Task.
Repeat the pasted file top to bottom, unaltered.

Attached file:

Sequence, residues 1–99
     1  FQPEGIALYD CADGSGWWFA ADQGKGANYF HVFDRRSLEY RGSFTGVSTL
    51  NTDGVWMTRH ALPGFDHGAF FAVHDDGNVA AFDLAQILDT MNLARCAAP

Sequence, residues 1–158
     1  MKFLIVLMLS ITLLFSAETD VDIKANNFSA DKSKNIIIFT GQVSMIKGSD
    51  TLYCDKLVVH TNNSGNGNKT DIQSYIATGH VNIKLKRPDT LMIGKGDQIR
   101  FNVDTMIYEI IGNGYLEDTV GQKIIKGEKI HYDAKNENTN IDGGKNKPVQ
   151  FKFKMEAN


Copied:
Sequence, residues 1–99
     1  FQPEGIALYD CADGSGWWFA ADQGKGANYF HVFDRRSLEY RGSFTGVSTL
    51  NTDGVWMTRH ALPGFDHGAF FAVHDDGNVA AFDLAQILDT MNLARCAAP

Sequence, residues 1–158
     1  MKFLIVLMLS ITLLFSAETD VDIKANNFSA DKSKNIIIFT GQVSMIKGSD
    51  TLYCDKLVVH TNNSGNGNKT DIQSYIATGH VNIKLKRPDT LMIGKGDQIR
   101  FNVDTMIYEI IGNGYLEDTV GQKIIKGEKI HYDAKNENTN IDGGKNKPVQ
   151  FKFKMEAN